Battles of Park
(Previously: Duncan, son of Christopher, known as Donnacha Mor na Taugh)
The Battle of Park, which was fought at Strathpeffer between the Macdonalds and the Mackenzies shortly before the death of Alexander Ionraic, which took place in 1488.1 The circumstances which led to this famous fight were the following: -- Coinneach à Bhlair (Kenneth of the Battle), the son and heir of Alexander Ionraic, had married Margaret, daughter of John Macdonald of Islay, who laid claim to the lordship of the Isles and the earldom of Ross. One Christmas eve Kenneth was insulted by Alexander Macdonald of Lochalsh, the nephew and heir of John of Islay. In revenge for the insult Kenneth sent his wife back to her father. The lady, who was blind of one eye, was sent away mounted on a one-eyed horse, attended by a one-eyed servant, and followed by a one-eyed dog. John of Islay and Alexander of Lochalsh, roused to fury by this outrageous insult, mustered all their followers, to the number of more than fifteen hundred warriors, and set out on an expedition to punish the Mackenzies. The Macdonalds, plundering and destroying as they went, directed their march to Kinellan, in Strathpeffer, where the Baron of Kintail was then residing. They arrived at Contin one Sunday morning and burned the church, together with the priest and a large congregation of aged men, women, and children, who were worshipping in it at the time.
Meantime, on the approach of the enemy, Kenneth and his two brothers, Duncan and Hector Roy sent their aged father for safety to the Raven's Rick, a prominent and precipitous hill overhanging the Dingwall and Skye Railway between Strathpeffer and Garve. They then led their followers, who numbered only six hundred men, against the Macdonalds, and the battle was fought on the moor which is still known as Blar-na-Pairc, a well-known spot about a mile west of the Strathpeffer wells. The Mackenzies were led by Kenneth himself, and Alexander of Lochalsh seems to have acted as leader of the Macdonalds, while their chief warrior was Lachlan Maclean of Lochbuy, called Lachlan Mac Thearlaich (Lachlan, son of Charles). Duncan Mor, who was one of the personal attendants of Kenneth, thinking that he had been somewhat slighted in the arrangements made for the battle, showed unmistakable signs of sulkiness. He was persuaded, however, by Hector Roy to take up a battle-axe and join in the fight. With his battle-axe he did so much havoc that the Macdonalds began to give way before him. Lachlan Mac Thearlaich, seeing this, put himself in Duncan's way in order to check his murderous career. The two champions met in deadly combat. Lachlan being a powerful man, clad in mail and well trained in the use of arms, seemed at first to be having the best of the fight, but, in an unguarded moment, he exposed himself to his opponent's battle-axe, which at one deadly stroke severed his head from his body. The superior strategy of Kenneth was already telling severely against the much larger army of the enemy, and the Macdonalds, seeing their champion killed, gave up the struggle as lost, and fled. Duncan Mor took a foremost part in the pursuit, which was continued on the following day as far as Strathconon, until most of the Macdonalds were either slain or taken prisoners. Both John of Islay and his nephew, Alexander of Lochalsh, were among the prisoners, but within six months they were both magnanimously released. This victory, to which Duncan Mor had so greatly contributed, "put Kenneth in great respect throughout the North," and he was afterwards knighted by James IV "for being highly instrumental in reducing his fierce countrymen to the blessings of a civilized life."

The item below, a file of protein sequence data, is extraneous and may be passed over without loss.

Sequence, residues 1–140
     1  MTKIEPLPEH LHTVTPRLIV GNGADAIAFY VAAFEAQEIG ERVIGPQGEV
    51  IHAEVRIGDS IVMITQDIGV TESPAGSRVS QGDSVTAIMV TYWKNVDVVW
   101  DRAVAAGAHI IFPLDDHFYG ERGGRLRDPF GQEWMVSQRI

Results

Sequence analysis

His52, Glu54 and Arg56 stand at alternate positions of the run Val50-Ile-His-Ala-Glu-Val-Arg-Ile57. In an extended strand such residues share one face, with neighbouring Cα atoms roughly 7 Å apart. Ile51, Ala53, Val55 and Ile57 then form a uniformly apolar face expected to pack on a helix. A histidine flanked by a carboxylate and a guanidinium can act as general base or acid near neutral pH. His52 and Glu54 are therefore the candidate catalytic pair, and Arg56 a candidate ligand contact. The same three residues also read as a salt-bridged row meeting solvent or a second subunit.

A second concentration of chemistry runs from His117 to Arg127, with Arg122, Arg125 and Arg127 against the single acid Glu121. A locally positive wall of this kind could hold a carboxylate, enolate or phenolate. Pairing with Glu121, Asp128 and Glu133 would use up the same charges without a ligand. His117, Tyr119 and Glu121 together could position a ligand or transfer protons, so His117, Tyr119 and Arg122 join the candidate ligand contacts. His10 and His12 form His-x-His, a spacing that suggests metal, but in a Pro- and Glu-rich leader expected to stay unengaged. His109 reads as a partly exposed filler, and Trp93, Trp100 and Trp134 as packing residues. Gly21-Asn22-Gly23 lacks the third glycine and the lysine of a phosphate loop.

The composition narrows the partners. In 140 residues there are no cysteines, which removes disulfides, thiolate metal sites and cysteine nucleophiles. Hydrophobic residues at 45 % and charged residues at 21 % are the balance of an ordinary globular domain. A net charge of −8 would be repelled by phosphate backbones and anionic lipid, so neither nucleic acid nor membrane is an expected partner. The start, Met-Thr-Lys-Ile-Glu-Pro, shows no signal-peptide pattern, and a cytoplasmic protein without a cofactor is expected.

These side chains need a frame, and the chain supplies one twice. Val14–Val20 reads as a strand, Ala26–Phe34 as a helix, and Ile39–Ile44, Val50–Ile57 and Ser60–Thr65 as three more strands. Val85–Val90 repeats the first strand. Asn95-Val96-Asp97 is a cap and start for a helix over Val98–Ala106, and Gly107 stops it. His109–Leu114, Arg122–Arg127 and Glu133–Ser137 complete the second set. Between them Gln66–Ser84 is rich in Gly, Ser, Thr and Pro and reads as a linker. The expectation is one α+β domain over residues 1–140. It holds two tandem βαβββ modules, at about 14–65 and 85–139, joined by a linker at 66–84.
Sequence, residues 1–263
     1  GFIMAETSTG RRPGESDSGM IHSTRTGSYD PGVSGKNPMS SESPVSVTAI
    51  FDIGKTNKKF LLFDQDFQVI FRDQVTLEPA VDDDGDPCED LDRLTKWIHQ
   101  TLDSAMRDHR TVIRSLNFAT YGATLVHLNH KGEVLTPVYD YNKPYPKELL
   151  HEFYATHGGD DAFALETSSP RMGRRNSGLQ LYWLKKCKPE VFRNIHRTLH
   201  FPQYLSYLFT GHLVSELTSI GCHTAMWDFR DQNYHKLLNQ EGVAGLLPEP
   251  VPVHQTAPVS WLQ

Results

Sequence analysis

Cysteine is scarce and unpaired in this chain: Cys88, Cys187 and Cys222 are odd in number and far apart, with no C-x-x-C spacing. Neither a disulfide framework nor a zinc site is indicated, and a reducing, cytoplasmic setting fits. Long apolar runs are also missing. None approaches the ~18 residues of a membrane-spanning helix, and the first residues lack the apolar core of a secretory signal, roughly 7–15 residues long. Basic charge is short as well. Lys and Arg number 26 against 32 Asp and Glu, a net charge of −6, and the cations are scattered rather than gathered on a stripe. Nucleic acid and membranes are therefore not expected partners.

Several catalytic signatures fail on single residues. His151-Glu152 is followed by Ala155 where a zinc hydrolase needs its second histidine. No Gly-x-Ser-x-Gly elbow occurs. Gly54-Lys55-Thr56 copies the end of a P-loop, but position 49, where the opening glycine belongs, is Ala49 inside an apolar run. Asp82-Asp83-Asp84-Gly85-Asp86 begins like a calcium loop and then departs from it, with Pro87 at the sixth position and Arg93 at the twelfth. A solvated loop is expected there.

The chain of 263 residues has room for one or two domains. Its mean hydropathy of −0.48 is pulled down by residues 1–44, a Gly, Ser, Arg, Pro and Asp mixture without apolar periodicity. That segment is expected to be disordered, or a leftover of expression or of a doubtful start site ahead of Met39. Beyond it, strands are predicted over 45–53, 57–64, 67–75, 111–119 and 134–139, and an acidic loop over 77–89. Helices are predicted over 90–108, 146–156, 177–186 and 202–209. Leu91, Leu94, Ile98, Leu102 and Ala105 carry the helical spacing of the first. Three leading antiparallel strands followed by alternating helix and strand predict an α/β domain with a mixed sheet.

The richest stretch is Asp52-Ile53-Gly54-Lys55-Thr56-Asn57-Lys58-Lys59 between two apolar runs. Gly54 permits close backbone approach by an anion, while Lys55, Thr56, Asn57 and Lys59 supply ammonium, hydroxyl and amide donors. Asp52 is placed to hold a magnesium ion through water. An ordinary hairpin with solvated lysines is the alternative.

Next: Bealach Glasleathaid, and a Druim a Chait
1. The exact date of the Battle of Park does not appear to be known, the official records relating to the Highlands at this time being exceedingly meager. Sir Robert Gordon, in his History of the Earls of Sutherland, a book written about the close of the sixteenth century, says it was fought shortly after 1476.